Even with the best architecture and leadership in the world, poor delivery can cause an otherwise successful project to fail. Quality assurance is a large part of an architect's role, but it's more than just doing code reviews. For example, you need a baseline to assure against, and this means the introduction of standards and working practices. From a software development perspective, these could include coding standards, design principles and source code analysis tools through to the use of continuous integration, automated unit testing and code coverage tools. It's safe to say that most projects don't do enough quality assurance, and therefore you need to figure out what's important and make sure that it's sufficiently assured. For me, the important parts of a project are anything that is architecturally significant, business critical, complex or highly visible. You just need to be pragmatic and realise that you can't necessarily assureeverything.
Putting non-functional requirements into software architecture
This paper presents an approach for incorporating non-functional information of software system into software architectures. To do so, components present two distinguished slots: their non-functional specification, where non-functional requirements on components are placed, and their non-functional behaviour with respect to these requirements. Also, connector protocols may describe which non-functional aspects are relevant to component connections. We propose a notation to describe non-functionality in a systematic manner, and we use it to analyse two particular aspects of the meeting scheduler case study, user interaction and performance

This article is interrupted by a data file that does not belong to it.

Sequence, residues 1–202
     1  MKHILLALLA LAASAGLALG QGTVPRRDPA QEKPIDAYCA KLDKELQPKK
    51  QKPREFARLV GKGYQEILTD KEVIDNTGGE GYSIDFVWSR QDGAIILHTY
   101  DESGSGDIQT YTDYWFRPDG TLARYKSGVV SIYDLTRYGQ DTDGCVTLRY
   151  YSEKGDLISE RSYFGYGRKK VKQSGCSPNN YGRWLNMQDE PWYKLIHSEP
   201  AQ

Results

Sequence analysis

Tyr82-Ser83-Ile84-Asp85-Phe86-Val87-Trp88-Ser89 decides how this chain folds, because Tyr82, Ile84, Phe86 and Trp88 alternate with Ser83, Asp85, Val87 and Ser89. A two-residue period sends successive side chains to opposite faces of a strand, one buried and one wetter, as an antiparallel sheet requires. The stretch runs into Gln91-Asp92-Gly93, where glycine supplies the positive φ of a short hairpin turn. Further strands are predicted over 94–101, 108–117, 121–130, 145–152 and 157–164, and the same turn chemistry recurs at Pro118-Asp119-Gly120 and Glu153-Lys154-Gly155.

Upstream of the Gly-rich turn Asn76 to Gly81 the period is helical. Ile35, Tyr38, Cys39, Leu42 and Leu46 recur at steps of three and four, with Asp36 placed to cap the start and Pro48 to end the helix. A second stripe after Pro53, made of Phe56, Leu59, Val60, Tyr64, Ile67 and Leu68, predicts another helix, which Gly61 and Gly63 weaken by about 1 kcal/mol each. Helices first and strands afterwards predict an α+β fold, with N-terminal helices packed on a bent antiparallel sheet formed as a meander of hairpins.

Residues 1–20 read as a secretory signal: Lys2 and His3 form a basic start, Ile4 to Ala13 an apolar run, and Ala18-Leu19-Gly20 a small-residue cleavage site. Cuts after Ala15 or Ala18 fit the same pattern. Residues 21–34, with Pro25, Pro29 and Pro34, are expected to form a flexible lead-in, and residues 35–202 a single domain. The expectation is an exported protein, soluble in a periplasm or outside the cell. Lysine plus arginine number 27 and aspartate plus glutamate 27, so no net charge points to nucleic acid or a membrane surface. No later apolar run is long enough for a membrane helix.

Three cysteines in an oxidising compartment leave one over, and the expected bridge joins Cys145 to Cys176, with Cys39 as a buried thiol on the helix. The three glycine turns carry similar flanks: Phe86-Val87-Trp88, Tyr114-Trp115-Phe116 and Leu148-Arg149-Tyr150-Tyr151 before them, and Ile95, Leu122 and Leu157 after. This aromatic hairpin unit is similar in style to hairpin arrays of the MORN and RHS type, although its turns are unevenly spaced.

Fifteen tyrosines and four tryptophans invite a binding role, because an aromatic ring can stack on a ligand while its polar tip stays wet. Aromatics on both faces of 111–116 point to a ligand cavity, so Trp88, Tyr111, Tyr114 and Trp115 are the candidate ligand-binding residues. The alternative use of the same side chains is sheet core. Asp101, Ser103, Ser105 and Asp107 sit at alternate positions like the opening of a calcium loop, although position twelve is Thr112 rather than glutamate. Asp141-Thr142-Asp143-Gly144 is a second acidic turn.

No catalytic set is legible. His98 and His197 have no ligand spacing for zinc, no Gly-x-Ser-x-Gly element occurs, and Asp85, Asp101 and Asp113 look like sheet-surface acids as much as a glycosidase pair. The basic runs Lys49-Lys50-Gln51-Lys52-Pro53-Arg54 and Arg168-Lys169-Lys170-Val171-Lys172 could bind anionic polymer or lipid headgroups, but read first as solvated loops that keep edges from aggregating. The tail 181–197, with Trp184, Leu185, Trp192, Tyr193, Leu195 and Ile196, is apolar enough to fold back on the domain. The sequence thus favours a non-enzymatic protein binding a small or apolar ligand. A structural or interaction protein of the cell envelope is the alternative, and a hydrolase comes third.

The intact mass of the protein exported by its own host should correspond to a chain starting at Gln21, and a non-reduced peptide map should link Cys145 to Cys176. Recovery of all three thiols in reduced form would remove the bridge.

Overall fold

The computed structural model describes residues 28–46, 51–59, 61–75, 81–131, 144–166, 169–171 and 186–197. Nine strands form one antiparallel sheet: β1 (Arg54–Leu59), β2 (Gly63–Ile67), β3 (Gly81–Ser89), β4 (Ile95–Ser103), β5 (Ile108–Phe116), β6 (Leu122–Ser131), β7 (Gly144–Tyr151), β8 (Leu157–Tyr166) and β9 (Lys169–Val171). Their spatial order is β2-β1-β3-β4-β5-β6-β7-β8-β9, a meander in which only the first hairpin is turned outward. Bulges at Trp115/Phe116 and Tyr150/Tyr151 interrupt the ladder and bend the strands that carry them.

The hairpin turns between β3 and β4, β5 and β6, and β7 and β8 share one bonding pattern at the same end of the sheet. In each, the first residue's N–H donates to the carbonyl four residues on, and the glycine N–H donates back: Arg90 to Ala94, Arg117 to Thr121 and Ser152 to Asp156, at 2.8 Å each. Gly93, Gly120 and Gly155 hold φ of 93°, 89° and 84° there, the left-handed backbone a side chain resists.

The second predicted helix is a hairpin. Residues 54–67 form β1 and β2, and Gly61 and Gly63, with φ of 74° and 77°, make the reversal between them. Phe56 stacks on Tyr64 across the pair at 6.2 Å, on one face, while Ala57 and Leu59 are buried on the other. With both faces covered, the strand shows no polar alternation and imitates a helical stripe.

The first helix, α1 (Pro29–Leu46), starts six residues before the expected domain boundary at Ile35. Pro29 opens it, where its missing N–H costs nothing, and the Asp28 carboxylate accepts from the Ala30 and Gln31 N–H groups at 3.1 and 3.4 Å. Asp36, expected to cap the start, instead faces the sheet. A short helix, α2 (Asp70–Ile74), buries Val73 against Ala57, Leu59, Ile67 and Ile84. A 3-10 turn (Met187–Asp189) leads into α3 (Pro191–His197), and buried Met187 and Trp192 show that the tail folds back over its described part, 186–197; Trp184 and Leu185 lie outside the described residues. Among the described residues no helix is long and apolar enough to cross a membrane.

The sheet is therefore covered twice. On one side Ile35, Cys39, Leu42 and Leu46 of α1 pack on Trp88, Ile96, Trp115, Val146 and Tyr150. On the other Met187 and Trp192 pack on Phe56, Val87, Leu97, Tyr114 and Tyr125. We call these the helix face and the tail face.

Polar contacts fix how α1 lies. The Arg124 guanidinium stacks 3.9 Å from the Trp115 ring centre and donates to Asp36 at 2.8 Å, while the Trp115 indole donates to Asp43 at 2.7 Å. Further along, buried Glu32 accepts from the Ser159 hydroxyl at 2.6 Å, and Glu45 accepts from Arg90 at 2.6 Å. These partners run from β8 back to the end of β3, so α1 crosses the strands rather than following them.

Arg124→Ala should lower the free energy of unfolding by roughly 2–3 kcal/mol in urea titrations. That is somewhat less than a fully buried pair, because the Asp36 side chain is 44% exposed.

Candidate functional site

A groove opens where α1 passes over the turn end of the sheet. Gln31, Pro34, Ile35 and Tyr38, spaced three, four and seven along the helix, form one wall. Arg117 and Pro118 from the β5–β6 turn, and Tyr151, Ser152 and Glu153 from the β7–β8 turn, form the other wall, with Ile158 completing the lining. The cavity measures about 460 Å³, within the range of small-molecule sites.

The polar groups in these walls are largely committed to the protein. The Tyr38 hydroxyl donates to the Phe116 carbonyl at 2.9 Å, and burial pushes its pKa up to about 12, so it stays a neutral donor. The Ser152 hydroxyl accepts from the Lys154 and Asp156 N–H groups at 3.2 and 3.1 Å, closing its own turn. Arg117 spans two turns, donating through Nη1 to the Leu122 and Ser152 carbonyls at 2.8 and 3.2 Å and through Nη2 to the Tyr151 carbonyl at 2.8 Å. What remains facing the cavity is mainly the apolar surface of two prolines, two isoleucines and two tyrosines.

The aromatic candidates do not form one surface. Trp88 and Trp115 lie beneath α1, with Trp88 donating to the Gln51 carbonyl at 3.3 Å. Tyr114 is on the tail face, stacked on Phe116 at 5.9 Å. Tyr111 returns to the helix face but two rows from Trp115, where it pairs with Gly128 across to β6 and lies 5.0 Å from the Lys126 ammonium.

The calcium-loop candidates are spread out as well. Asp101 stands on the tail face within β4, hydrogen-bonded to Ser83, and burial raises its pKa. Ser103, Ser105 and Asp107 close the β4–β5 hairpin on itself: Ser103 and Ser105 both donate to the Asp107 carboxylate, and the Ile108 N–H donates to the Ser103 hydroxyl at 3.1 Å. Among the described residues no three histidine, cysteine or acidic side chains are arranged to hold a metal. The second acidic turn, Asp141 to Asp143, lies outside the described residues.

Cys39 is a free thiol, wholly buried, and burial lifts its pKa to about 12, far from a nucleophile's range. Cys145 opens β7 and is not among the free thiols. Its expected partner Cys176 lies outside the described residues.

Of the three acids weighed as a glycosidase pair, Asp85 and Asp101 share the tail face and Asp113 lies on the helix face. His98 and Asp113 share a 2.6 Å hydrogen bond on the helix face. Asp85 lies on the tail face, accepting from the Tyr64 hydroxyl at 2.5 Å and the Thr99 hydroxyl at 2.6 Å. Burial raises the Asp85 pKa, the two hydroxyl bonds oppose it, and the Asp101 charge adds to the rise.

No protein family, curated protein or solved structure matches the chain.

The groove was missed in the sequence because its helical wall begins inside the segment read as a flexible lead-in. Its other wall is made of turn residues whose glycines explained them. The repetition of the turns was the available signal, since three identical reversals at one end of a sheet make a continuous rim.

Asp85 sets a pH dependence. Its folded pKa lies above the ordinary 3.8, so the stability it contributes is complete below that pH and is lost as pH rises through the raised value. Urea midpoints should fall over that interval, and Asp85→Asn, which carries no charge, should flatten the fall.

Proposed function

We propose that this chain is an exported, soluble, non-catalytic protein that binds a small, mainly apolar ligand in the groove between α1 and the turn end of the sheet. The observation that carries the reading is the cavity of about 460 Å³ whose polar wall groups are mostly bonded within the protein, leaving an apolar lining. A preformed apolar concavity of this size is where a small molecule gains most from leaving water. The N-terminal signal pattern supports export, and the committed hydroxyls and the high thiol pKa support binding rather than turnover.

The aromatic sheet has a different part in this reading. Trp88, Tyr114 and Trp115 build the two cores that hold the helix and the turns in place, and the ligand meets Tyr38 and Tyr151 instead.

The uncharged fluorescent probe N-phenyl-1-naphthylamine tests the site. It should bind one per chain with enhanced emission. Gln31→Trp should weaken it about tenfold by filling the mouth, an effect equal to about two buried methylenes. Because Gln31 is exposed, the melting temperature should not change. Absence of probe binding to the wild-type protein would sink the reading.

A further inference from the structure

Role of Software Architecture in Non-Functional Requirements
Software Architecture plays a very large role in non-functional requirements.
They are the people responsible to often times derive the hidden non-functional requirements and incorporate them into the overall design.
A good example of non-functional requirements that can be heavily dependent on design would include performance and usability. An architect's decisions can heavily sway how quick (or slow) a system is based on their design, like the choice of if, where, how to store and access data can make a very large difference in performance. In terms of usability, the choices that go into what controls(if a GUI, the layout can be key as well) are to be implemented (and how they are to be accessed) for the-end user to perform whatever the functional requirements can make or break the usability of the system.
A system incorectly designed for non-functional requirements can meet all the functional requirements, but turn out to do it inefficiently as well as in a manner very difficult to control (thus not meeting the non-functional reqs.).
non-functional requirements define the operation of a system. these are important for any system. a system in which all non-func. requirements are not considered would fail. software architecture plays an important role to satisfy non-functional requirements as it is organizational structure of a system and it is incomplete without non-functional reqs.I think every system architecture obeys the OSI model and that's why I think that it satisfy the non-functional requirements.
Non functional requirements in software architecture practice: